The Mach 1 entered 1972 virtually unchanged except for options and some minor trim changes. For 1972, the "MUSTANG" block letters on the deck lid were replaced with "Mustang" in script, which is the only way you can tell a '72 Mach 1 from a '71 without looking at the serial number. Engine options decreased sharply for '72, limited to a base 302-2V, a 351C-2V, a 351C-4V Cobra Jet, and a low-compression Boss 351 called the 351C High Output. Gone was the 429 Cobra Jet big-block. The 351C High Output engine in a '72 Mach 1 is rare indeed, sporting that elusive "R" engine code enthusiasts are always seeking. This engine was nothing more than a Boss 351 solid-lifter engine with a lower compression ratio, netting 275 horsepower at the drive wheels. Nineteen seventy-two would be the last year for a brute high-performance V-8 in the Mach 1.
The writing was on the wall for high-performance Mustangs by 1973. Ford brought the Mach 1 back for '73 with nice styling upgrades, an array of new colors, and the retention of three V-8 engines: the 302-2V, the 351C-2V, and the 351C-4V Cobra Jet. What you may find ironic is the availability of Ram Air with the 351C-2V but not the 351C-4V Cobra Jet. This was rooted in the emissions-certification issues Ford had with the federal government.
Mach 1 Takes on New Meaning
Seems Mustang enthusiasts would have given up on the Mach 1 when the '74 Mustang II was introduced with a 2.8L Vulcan V-6, but they didn't. Mach 1 production for 1974 was up 8,609 units over 1973, and a whopping 16,371 over 1972. Ford completely redesigned the Mustang for 1974. The 1974 Mustang II Mach 1 hatchback was a sporty compact that was light on its feet, nimble, and ready to take on a canyon road. Long labeled a rebodied Pinto, the redesigned Mustang II was anything but. Sure, the Mustang II was based loosely on the Pinto, much as the '65 Mustang was based on the Falcon, but the Mustang II had impressive engineering refinements that made it world-class. It was simply a better Mustang.
The fact that the Mustang shared a lot of tooling and engineering with the Pinto presented Ford with all sorts of challenges. Buyers expected a buzzy four-cylinder Pinto that drove like a subcompact. This demeanor, however, was not acceptable in a Mustang. So Ford engineers went to work developing an isolated subframe (affectionately called the "toilet seat") that would move buzzy engine harmonics away from the passenger cabin. The toilet seat did more than isolate engine noise, it isolated the road as well, making the Mach 1 one of the quietest Mustangs ever. Ford engineers did more. They stayed away from the 2.0L OHC Pinto four and designed a new 2.3L OHC "Metric" four from scratch. They enlarged the bellhousing bolt pattern, opted for a larger driveshaft, and incorporated heavier rubber bushings to reduce noise, vibration, and harshness.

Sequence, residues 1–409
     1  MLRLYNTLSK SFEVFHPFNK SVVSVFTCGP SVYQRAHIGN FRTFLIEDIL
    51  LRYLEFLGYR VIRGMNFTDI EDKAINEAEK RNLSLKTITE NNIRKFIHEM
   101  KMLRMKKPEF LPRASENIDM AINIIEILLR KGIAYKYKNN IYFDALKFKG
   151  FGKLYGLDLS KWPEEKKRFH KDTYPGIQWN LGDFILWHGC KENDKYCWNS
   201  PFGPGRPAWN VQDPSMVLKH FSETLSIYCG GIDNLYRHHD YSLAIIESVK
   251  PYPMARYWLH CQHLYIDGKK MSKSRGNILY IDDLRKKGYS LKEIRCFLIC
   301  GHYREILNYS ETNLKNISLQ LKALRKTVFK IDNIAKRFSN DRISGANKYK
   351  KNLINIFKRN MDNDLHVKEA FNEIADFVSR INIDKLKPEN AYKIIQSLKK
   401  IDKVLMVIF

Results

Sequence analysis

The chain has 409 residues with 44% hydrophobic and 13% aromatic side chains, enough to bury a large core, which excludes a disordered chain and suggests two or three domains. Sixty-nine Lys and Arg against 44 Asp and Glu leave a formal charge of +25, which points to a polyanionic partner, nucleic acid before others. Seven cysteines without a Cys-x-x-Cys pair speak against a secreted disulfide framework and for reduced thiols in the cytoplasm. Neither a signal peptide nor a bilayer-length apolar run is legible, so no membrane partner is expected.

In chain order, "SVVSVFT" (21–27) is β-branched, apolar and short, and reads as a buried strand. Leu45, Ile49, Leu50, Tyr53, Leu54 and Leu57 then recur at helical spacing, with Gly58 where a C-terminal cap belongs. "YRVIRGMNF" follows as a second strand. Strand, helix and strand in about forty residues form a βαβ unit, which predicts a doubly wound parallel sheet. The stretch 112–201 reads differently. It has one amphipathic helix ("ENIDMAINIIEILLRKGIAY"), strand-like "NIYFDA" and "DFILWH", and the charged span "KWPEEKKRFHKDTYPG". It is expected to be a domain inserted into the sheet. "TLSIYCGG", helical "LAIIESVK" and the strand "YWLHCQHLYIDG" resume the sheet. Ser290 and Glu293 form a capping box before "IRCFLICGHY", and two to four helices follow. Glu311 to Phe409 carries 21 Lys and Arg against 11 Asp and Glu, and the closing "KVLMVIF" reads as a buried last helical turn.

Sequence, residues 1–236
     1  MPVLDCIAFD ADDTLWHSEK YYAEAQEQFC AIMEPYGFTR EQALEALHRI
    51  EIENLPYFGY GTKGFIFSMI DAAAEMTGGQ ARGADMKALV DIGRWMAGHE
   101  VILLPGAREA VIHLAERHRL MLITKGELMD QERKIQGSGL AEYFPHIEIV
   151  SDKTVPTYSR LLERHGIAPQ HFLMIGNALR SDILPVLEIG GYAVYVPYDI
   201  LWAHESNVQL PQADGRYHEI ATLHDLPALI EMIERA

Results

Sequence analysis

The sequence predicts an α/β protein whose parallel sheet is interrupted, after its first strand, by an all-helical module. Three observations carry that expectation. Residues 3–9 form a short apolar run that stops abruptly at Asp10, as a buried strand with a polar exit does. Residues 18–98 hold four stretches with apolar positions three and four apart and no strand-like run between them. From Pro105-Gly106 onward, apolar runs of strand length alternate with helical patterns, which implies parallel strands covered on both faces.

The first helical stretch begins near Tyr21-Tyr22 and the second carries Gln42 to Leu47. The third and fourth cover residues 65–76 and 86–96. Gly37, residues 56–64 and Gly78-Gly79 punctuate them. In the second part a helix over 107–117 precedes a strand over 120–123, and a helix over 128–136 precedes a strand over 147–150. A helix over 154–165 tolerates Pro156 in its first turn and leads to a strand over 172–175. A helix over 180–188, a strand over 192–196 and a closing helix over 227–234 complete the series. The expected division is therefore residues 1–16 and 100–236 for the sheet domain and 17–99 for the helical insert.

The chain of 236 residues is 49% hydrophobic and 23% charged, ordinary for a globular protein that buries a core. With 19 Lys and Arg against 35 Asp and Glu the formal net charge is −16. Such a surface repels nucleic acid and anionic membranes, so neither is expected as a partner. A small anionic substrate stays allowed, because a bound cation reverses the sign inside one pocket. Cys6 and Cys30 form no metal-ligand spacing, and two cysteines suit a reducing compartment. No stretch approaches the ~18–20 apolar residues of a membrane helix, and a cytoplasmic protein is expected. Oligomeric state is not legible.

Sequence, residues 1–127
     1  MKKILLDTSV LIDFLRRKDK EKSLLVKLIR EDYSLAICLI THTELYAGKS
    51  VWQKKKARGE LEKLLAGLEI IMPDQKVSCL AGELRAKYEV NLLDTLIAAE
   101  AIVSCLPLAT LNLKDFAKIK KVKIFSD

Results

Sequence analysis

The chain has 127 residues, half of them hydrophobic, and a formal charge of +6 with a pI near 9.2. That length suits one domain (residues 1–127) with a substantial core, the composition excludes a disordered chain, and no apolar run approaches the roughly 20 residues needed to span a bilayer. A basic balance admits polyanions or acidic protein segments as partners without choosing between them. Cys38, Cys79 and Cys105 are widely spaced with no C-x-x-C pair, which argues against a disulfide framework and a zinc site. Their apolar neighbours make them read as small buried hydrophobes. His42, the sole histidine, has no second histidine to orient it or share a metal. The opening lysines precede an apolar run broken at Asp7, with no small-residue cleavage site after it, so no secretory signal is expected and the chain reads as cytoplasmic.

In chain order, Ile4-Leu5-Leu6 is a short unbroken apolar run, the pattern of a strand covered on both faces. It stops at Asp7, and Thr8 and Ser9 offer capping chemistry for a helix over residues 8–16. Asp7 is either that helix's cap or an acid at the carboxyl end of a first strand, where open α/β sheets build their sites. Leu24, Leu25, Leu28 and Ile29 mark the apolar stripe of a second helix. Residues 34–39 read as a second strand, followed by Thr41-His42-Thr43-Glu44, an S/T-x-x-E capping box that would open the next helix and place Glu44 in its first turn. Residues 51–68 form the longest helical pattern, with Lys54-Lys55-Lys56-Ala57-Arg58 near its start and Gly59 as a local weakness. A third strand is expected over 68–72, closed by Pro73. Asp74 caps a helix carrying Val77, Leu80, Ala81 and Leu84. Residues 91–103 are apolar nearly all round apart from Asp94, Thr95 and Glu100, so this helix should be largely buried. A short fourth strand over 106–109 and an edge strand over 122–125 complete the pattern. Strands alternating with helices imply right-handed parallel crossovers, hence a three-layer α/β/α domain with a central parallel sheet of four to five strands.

The Mach 1 for 1974 was the result of an extensive marketing study gauging what people wanted to see. Ford called this study the "Arizona project" and quickly learned that buyers still wanted a sporty compact with bucket seats and a floor shift. The sporty new Mercury Capri was selling so well that it prompted Ford to take another look at the Mustang. What the Capri lacked was legroom and typically "American" creature comforts. Ford's Ghia studios in Turin, Italy, successfully created a drivable prototype in two months that bore a striking resemblance to what would ultimately become the '74 Mustang II Mach 1.
During Mustang II development, engineers and product planners found themselves time and time again centered around old technology--larger displacement V-8s and bulky in-line sixes. Ford ultimately looked to a new design, the 2.3L OHC inline four, as a standard powerplant. Optional power would be the 2.8LOHV Vulcan V-6, a German design already enjoying success with the Mercury Capri. Believe it or not, the three-door hatchback was nearly stillborn, which might have meant the end of the Mach 1. At the 11th hour, permission was granted to press ahead with a hatchback model to replace the SportsRoof.
The all-new Mach 1 had the Mustang's legendary grille, sidescoops, short deck, and long nose. Inside, the Mach 1 was elegant, with plush upholstery, thick-pile carpet, a console with a handbrake, full instrumentation (including a tachometer--standard!), a digital clock, and improved passenger restraints. Behind the wheel, the '74 Mach 1 was a pleasure to drive, especially when fitted with a four-speed stick. The optional 2.8L V-6 was snappy and performed quite well. The sound of its mechanical lifters brought back memories of the 289 High Performance, Boss 302, and Boss 351. Diving into the apex with a '74 Mach 1 was performed with ease. Coming out of a turn at full throttle with the little V-6 offered adequate torque and a short blast down the straight. Excellent handling came from the incorporation of rack-and-pinion steering and advanced suspension tuning.
What made the redesigned Mustang appealing was that it reminded buyers of the original '65 Mustang. Matte black Mach 1 graphics took them back to the '70 Mach 1 with its robust attitude. Despite the engineering refinements and nostalgic styling, buyers complained about the absence of a V-8--even during the OPEC-induced oil shortages. The following year, Ford brought the 302ci V-8 back to the Mustang corral. To fit the 302 underhood meant modifying the subframe and radiator support. Dearborn engineers worked hard to achieve a balance of performance, economy, and emissions.
The Mach 1 cruised through 1978 virtually unchanged. Like the GT it overshadowed years earlier, the Mach 1 suddenly found itself overshadowed by the flashy new Cobra II, introduced in 1976, and the short-lived King Cobra for 1978. As the '78 model year drew to a close, so did the Mach 1. Mach 1 was a name that certainly fit the era when it was conceived in 1967. It is highly unlikely we will ever see the name again from Ford. However, the aftershocks of its effect on Main Street will be felt for generations to come.